The world team's championship is in progress at Antalya, Turkey. This edition features Egypt, Armenia, USA, Russia, China, Ukraine, The Netherlands, Azerbaijan, Germany and Turkey. Turkey makes the cut as hosts, Azerbaijan is the Fide nominee, while the rest are either seeded from the Olympiad or continental champions. This is a round-robin team event and most of the teams include the best players. The Azeris are an exception with Vugar Gashimov, Teimour Radjabov and Shakhriyar Mamedyarov all sitting out.
The big upset until Round 2 has been the USA beating Russia 3-1. Hikaru Nakamura beat Vladimir Kramnik in a very complicated game where the former world champion ended a piece down in the endgame. Ray Robson beat Nikita Vituigov in an absolutely crazy affair, which could have gone either way, Meanwhile, in the open that ran concurrently with the world championship in Chennai, Aravindh Chithambaram registered a fantastic result. The 14-year-old Fide master went in ranked 53rd in a 114-person event which featured 21 GMs. He had a rating of 2335. He scored 9/11 beating four GMs and two IMs to win clear of the field. That was not only a GM norm, it was a 2700-plus performance. Chithambaram gains about 80 Elo. It was the kind of breakthrough that indicates a player with world-class potential, assuming the result wasn't a flash in the pan and it didn't look like it. Chithambaram's coach, R B Ramesh reckons that he could make the GM title within six months with the right exposure.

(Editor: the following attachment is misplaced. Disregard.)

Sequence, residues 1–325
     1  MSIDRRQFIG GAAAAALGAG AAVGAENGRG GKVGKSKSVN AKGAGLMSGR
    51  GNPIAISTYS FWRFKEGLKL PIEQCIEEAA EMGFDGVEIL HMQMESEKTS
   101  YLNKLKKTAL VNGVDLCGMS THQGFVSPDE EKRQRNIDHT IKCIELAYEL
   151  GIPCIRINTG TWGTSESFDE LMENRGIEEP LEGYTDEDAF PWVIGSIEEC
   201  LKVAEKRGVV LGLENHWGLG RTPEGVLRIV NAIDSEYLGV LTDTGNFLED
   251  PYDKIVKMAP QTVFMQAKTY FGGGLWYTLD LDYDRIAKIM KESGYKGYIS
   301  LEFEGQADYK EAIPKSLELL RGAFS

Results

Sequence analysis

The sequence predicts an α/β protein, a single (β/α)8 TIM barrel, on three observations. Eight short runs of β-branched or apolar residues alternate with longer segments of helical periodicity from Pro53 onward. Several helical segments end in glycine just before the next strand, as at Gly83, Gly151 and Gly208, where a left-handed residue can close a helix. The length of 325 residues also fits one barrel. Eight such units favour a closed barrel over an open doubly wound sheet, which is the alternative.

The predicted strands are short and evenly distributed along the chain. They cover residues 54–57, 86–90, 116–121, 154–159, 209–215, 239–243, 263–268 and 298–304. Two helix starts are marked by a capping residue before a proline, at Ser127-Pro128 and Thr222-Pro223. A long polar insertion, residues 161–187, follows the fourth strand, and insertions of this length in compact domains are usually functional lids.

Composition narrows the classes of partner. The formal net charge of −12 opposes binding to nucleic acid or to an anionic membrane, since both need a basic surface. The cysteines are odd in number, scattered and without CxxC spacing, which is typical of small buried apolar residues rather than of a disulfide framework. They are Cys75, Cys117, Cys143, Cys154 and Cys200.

THE DIAGRAM, BLACK TO MOVE, (White: Vitiugov Vs Black: Robson, Russia Vs USA, World Team Championship 2013)
Both kings are exposed. White has a potentially deadly h-pawn but black has better piece coordination. Black could try 24.- Ne3 25.h6 Nd1+ 26. Kg1 Ne3 and a repeat to draw.
Instead he played 24. - Qd1? 25.Nxf4?
White misses a win with 25.h6!! Now 25...Rd2 26.h7 Rxe2+ 27.Kg1! Qd4+ 28.Kh2 Re3 (to stops Qc3) and then 29.Qg5! Kd7 30.Qg8 f5 31.Qf8 forces the pawn through. Robson intended 31 Qf8 Ne1 32.h8Q Nxf3+ 33.gxf3 Re2+ 34. Bxe2?? Qf2+ but either 34. Kh3 or 34. Bg2 will win for white.
After this slip, black takes over 25 Nxf4 Rd2+ 26.Kg1 If 26.Be2 Rxe2+ 27.Nxe2 Qxh1 28.Ng3 or 26. Ne2 Qe1+ 27. Kg1 Ne3 both win for black. Robson finished with 26...Ne3! There's no defence - 27. Kh2 Qxf3 28. Qxd2 Qxf4+ 29. Kg1 Qxf1+ 30. Kh2 Ng4+. White tried a last-ditch 27.Qg5 Qxf1+ 28.Kh2 Qxf3 (0-1). The key threat is Ng4+ but maybe white should play on to test black's eyesight. Lines like 29. Re1 Ng4+ 30. Kh1 Qe3! are winning for black but he must find difficult moves.
Devangshu Datta is an internationally- rated chess and correspondence chess player